A book-length doctoral dissertation focuses on finding hidden meaning in the Old Testament.
This extensive work from debut author Kohav revolves around a fairly straightforward idea: Is there a secret in the Pentateuch (the first five books of the Bible)? This secret (or “Sôd,” as it is referred to in the text) is not something that comes from a lost chapter or has been concealed by a grand conspiracy. The Sôd is, instead, something that has been hidden in plain sight. One merely needs to know how to unearth the correct interpretation. But, as this is an academic work, the path to that assessment is a long, winding, and verbose one. Before any conclusions can be drawn, readers are taken on a tour of such heady topics as “accessibility to esoteric knowledge,” mysticism, and the “meaning of meaning.” As the author’s main considerations come into focus, there is a great emphasis on certain biblical occurrences. Take the book of Joshua. What is meant by the bizarre conquering of Jericho? Are readers of such a fantastical narrative really meant to believe that a city fell to an invading army because of a seemingly magical occurrence? Or is the tale meant to drive at something else entirely? Consider the story of Jacob. What importance does Jacob’s twin brother, Esau, play? The hypothesis steers readers beyond simplistic allegorical ideas into concepts like chakras and what it means to be a “would-be initiate of” God. And that is merely the beginning of the concepts to unpack.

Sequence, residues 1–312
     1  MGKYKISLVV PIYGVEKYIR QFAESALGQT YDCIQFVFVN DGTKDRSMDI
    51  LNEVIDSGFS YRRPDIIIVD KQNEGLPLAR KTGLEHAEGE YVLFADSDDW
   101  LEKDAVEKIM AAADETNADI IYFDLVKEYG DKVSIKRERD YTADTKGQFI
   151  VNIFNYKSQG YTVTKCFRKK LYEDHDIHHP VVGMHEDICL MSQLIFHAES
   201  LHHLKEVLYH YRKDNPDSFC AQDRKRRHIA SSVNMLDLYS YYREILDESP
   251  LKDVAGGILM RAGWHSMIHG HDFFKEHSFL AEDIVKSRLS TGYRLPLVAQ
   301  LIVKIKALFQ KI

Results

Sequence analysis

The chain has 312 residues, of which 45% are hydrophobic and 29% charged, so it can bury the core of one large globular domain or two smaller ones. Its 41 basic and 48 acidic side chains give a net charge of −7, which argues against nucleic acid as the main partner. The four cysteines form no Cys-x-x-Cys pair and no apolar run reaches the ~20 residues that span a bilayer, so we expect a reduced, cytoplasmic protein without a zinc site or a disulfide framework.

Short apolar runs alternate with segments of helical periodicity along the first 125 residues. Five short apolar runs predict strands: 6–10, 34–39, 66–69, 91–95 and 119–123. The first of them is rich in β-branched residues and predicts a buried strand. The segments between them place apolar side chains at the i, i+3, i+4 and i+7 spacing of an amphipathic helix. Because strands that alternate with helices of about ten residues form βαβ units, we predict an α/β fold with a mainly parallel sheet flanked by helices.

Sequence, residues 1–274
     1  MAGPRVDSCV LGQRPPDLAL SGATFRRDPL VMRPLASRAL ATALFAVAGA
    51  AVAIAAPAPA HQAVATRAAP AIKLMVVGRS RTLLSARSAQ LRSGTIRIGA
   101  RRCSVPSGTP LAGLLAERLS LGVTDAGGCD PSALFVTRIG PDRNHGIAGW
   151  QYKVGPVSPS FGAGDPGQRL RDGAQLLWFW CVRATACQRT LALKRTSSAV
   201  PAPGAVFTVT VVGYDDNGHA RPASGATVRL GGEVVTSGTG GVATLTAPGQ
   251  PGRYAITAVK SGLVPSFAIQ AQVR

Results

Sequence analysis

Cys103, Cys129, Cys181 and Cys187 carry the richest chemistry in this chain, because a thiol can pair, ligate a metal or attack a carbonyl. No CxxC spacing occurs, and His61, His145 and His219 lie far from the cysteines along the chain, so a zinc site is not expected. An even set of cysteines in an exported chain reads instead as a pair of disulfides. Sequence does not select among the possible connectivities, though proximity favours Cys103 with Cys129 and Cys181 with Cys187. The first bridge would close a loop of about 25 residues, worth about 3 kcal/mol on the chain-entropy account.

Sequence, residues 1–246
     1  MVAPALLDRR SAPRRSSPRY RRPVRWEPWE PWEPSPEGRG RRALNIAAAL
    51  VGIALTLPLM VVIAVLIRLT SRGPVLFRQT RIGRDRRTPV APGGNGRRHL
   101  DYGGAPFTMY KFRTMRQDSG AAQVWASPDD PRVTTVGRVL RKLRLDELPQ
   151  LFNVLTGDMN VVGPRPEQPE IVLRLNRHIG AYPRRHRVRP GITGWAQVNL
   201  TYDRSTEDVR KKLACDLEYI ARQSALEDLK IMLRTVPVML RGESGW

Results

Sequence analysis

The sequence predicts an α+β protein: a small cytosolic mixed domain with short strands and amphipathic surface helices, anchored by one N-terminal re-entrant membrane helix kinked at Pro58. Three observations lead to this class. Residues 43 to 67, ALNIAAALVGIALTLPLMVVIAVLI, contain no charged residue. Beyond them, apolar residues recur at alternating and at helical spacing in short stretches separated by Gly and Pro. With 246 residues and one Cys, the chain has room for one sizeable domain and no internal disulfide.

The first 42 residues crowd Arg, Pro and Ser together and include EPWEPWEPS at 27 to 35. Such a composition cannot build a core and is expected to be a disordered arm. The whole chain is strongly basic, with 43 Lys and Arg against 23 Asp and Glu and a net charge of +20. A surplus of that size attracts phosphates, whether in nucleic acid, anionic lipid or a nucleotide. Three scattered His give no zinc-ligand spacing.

For the nonacademic, this untangling is no easy task. Phrases such as “narrative-conceptual integrity” and “the critical role of falsifiability” make the work, at least in places, a struggle to fully understand. The inclusion of ideas from more approachable thinkers like Umberto Eco and Jacques Derrida provides some elucidation. But, as one might expect from a doctoral dissertation, the layperson is not the intended audience. Nevertheless, the armchair professor can still glean much from these pages. The books of the Bible, for all their familiarity, are still open to close and even novel analysis. All readers can come away with fresh perspectives on episodes and themes that they may have taken for granted. A potent point comes with a comparison of the Odyssey and the story of the Exodus. Whereas the Odyssey follows the type of hero’s journey arc very much in tune with the modern concept of storytelling (the protagonist embarks on a quest and returns changed), the Exodus is different. As the author puts it: “The Odyssey’s symbol of initiation…is a circle; the Exodus’s, an arrow.” Dissecting the implications of such a point requires a great number of words and notes. But for committed readers, they are bountiful in food for thought. Even if every argument cannot be distinctly grasped by the uninitiated, the volume provides a new way of looking at very old stories.
While full of jargon, this work about the Bible offers a wealth of textual pearls.